According to the standard principal-agent model, the optimal composition of pay should balance the provision of incentives with the individual demand for insurance. Do income taxes alter this balance? We show that the relative share of Performance-related pay (PRP), on total pay is reduced by higher average and marginal income taxes. Empirical evidence based on the British Household Panel Survey is consistent with the theoretical predictions of the tax-augmented principal-agent model. Our estimates suggest that a 10% reduction in the marginal income tax rate, holding the average tax rate constant, increases the share of PRP in total pay by 2.25-3.02%, depending on the empirical specification. Similarly, a 10% reduction in the average income tax rate, holding the marginal tax rate constant, increases the share of PRP in total pay by 5.10-5.27%. © 2011 The Authors. Scottish Journal of Political Economy © 2011 Scottish Economic Society.

Income Taxes and the composition of pay: Evidence from the british household panel survey

SONEDDA, Daniela
2011

Abstract

According to the standard principal-agent model, the optimal composition of pay should balance the provision of incentives with the individual demand for insurance. Do income taxes alter this balance? We show that the relative share of Performance-related pay (PRP), on total pay is reduced by higher average and marginal income taxes. Empirical evidence based on the British Household Panel Survey is consistent with the theoretical predictions of the tax-augmented principal-agent model. Our estimates suggest that a 10% reduction in the marginal income tax rate, holding the average tax rate constant, increases the share of PRP in total pay by 2.25-3.02%, depending on the empirical specification. Similarly, a 10% reduction in the average income tax rate, holding the marginal tax rate constant, increases the share of PRP in total pay by 5.10-5.27%. © 2011 The Authors. Scottish Journal of Political Economy © 2011 Scottish Economic Society.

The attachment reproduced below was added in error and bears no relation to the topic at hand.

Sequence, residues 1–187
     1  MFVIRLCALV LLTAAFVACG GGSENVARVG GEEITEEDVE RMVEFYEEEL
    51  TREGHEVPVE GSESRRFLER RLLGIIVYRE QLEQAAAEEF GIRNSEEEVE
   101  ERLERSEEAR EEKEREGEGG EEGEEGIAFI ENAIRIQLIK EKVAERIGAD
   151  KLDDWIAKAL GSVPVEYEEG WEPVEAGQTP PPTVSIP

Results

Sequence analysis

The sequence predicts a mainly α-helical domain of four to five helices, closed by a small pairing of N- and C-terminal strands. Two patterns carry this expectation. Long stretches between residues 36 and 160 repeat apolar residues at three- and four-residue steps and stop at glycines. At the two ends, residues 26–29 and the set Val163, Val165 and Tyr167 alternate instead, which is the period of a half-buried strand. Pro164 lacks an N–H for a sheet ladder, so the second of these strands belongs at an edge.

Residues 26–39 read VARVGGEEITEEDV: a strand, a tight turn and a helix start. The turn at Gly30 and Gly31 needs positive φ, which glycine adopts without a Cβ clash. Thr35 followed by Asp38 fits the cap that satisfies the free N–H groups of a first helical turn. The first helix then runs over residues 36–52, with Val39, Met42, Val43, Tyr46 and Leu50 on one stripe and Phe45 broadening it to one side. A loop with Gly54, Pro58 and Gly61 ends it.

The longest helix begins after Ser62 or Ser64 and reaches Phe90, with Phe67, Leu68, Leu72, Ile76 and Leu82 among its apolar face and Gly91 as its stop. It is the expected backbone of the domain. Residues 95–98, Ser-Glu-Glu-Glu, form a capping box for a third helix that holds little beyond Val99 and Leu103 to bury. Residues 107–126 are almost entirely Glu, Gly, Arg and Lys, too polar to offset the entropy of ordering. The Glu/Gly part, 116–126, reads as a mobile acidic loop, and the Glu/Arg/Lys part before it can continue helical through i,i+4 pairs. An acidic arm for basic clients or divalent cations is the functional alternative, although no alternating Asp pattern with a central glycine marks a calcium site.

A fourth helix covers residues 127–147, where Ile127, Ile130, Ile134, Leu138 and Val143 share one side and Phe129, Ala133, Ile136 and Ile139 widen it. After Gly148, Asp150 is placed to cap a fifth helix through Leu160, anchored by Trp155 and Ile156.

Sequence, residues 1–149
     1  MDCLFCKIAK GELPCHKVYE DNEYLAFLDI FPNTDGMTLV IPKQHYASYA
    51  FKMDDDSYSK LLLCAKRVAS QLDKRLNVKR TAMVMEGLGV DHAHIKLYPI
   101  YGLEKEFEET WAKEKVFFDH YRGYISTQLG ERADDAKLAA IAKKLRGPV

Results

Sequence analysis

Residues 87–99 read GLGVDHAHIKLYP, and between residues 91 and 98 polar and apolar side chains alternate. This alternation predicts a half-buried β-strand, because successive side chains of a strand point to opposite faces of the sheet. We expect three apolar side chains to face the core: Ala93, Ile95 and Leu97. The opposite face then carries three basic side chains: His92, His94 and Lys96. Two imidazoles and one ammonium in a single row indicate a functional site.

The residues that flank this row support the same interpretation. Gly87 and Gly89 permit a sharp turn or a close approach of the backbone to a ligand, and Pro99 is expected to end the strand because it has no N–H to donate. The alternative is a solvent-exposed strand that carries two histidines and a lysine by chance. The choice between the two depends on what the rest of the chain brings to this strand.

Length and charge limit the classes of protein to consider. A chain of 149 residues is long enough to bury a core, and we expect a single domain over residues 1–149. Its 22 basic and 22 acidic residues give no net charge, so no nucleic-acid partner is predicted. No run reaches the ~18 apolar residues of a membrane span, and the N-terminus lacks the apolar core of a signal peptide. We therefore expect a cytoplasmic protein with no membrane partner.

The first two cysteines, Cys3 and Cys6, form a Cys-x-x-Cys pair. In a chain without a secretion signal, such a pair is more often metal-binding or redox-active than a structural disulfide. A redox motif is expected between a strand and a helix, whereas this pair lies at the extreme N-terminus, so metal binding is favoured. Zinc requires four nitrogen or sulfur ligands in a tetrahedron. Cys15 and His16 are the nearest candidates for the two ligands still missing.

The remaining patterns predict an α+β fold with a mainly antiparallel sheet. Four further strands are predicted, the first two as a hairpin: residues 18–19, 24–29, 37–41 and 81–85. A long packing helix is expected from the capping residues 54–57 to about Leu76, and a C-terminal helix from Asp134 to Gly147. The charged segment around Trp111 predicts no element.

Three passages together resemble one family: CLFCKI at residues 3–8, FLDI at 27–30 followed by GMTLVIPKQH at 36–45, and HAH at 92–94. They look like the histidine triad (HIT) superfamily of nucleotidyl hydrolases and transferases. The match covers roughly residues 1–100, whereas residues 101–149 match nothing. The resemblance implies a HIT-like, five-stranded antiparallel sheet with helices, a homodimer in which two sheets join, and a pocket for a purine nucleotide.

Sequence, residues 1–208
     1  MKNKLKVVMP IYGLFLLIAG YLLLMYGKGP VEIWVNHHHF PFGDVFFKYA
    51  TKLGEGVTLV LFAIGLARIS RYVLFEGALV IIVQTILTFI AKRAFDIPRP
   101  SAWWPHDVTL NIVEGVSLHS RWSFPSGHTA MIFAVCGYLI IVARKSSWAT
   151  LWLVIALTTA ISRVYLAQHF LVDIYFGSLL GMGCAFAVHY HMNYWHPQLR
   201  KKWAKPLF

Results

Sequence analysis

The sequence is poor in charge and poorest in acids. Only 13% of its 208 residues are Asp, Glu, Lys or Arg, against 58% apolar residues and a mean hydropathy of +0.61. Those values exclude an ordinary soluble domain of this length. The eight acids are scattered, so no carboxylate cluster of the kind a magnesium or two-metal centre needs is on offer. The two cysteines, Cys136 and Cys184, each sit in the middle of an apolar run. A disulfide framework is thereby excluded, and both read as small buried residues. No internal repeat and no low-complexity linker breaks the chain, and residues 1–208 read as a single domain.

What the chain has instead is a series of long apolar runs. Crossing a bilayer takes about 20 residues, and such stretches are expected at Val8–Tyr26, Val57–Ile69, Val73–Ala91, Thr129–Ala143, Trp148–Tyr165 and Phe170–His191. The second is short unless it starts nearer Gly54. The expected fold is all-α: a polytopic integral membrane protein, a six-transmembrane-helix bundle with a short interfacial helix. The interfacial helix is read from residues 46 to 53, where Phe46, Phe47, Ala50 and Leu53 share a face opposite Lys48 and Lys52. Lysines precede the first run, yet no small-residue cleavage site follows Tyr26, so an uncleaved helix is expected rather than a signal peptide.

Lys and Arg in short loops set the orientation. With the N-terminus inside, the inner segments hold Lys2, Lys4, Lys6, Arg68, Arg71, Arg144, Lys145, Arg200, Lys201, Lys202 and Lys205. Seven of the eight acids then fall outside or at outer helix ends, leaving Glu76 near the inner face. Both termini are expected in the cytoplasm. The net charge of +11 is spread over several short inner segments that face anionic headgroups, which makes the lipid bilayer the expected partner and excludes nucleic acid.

Brunello, G; Comi, S; Sonedda, Daniela
File in questo prodotto:
Non ci sono file associati a questo prodotto.

I documenti in IRIS sono protetti da copyright e tutti i diritti sono riservati, salvo diversa indicazione.

Utilizza questo identificativo per citare o creare un link a questo documento: https://hdl.handle.net/11383/2140951
Citazioni
  • ???jsp.display-item.citation.pmc??? ND
  • Scopus 1
  • ???jsp.display-item.citation.isi??? 0
social impact